Sarah Miller was born and raised in Memphis, TN. She grew up in Cordova and currently resides in Arlington. Dr. Miller earned a Bachelor of Arts in Psychology from the University of Tennessee Knoxville in 2013 before deciding to pursue a Bachelor of Science in Nursing degree from the University of Memphis Loewenberg School of Nursing, from which she graduated in 2016. She took a break from school and moved to Baltimore, MD, in 2017, where she began her nursing career at The Johns Hopkins Hospital in the Neuro Critical Care Unit as a bedside RN. During her time at The Johns Hopkins Hospital, Dr. Miller obtained her CCRN certification and moved up the clinical ladder to serve as a Clinical Mentor until she left in 2019 to begin DNP school in Memphis. During DNP school, she worked as an RN in the Neuro Critical Care Unit at Methodist University Hospital. She graduated with her Doctor of Nursing Practice degree with a concentration as a Family Nurse Practitioner from the University of Tennessee Health Science Center in May 2022. She is a current member of the American Academy of Nurse Practitioners, the American Nurses Association, and the Tennessee Nurses Association.
Dr. Miller is happily married to her husband, Colton, and together, they have one child on the way and two rescue dogs. You can find her and her husband watching any and all sports year-round, although football is their preference. She is an avid dog lover, and she and her family have a total of six rescue dogs between them. In her off time, she enjoys trying to stay active as much as possible but also enjoys a good day watching TV or reading on the couch. She likes spending time outside, whether it’s playing golf with her husband or taking walks with her dogs.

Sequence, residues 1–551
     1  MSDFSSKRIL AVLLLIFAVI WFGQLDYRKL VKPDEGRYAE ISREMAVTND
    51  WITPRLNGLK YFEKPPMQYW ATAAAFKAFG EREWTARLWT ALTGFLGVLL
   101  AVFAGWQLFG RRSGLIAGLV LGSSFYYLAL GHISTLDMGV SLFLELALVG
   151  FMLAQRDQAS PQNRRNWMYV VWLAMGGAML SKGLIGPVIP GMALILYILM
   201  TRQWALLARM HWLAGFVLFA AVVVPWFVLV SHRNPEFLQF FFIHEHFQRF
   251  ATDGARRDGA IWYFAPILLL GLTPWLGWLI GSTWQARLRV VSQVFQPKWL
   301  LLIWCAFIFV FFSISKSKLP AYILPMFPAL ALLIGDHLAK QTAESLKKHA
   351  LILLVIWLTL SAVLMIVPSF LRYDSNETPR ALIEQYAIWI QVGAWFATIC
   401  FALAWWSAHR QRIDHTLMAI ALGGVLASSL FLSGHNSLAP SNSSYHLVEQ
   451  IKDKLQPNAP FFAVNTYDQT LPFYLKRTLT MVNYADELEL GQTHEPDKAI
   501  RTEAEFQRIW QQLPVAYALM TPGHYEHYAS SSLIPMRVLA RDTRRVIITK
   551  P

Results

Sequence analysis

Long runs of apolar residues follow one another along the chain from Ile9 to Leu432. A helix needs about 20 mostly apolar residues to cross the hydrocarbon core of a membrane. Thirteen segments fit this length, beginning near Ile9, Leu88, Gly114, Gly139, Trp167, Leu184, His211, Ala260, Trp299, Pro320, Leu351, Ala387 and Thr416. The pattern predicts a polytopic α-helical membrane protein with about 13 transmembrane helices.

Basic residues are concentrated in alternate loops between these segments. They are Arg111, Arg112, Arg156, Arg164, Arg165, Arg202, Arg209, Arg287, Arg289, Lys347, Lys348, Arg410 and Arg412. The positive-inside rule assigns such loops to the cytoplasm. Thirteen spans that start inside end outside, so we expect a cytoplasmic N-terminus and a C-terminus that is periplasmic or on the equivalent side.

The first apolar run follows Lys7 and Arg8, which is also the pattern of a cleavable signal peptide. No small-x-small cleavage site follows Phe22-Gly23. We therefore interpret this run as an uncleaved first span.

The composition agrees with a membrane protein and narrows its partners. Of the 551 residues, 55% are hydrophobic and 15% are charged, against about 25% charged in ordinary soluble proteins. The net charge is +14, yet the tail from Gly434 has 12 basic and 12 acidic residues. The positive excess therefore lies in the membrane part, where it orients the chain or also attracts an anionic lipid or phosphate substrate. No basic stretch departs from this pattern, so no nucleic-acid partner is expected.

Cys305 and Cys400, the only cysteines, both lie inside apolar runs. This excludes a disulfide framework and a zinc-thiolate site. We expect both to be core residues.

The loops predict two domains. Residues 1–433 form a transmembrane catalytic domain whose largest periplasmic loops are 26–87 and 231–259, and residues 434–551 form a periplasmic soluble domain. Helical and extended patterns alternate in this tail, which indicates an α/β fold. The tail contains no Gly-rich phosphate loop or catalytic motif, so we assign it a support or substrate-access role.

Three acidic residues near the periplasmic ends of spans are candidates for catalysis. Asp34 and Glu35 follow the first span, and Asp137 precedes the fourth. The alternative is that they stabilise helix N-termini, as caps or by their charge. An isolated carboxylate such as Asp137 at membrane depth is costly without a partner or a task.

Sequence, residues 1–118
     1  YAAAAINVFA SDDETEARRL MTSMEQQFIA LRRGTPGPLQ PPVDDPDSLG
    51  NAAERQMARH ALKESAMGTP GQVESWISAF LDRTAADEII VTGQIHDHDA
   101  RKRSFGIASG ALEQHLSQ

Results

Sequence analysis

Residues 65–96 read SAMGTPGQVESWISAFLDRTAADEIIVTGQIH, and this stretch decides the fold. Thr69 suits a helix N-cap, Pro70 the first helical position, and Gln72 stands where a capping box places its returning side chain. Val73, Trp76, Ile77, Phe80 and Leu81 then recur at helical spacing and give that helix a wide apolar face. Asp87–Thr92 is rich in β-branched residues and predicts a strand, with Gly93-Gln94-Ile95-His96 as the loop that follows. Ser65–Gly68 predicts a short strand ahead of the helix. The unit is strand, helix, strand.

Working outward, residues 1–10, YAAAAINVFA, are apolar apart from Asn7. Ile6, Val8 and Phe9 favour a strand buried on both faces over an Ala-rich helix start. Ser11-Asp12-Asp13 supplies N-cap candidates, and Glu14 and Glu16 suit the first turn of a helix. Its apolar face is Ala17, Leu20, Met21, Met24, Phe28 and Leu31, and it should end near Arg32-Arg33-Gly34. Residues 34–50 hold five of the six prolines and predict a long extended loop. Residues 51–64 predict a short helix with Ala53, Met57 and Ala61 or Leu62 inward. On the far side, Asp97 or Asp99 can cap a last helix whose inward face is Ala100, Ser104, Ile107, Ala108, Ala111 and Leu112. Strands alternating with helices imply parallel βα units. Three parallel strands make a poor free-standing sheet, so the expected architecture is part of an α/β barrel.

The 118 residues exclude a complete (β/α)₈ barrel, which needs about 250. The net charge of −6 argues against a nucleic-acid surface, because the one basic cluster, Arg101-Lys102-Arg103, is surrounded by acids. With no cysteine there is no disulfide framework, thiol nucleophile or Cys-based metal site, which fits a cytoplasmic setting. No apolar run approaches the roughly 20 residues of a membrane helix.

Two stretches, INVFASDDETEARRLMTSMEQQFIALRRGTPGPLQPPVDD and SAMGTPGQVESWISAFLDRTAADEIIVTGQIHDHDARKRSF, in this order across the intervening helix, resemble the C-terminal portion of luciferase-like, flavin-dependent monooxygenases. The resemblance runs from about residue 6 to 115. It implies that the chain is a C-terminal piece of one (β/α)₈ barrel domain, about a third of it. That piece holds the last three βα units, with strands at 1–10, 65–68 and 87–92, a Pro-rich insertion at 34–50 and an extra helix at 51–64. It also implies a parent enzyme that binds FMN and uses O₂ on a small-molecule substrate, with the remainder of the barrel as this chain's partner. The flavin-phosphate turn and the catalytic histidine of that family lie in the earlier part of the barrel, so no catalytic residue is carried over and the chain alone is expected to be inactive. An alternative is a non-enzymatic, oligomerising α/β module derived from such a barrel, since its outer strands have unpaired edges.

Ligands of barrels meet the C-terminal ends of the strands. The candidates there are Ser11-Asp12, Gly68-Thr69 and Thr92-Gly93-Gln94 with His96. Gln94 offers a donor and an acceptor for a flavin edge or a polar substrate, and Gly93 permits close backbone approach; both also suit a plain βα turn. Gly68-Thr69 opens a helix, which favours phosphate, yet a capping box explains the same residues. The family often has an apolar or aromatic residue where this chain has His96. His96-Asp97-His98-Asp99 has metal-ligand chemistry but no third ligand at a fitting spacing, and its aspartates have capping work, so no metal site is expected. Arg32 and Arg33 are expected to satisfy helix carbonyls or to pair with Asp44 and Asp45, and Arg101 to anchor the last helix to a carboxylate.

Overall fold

“The world is a complex place, and if you only look at what is right in front of you, you are going to miss out on many important things. Just as with our patients, we cannot simply look at their outward signs or vitals and know entirely what is going on with them. We must look at all of the pieces of the puzzle so that we can help them be as healthy as possible both in mind and body. My favorite healthcare practitioners are the ones who make me feel like they are truly trying to get to know me as a person and not just as the next patient on their list. In my opinion, when you take the time to see your patient in their entirety and appreciate that no two people are the same, it will help you be the best practitioner you can be.”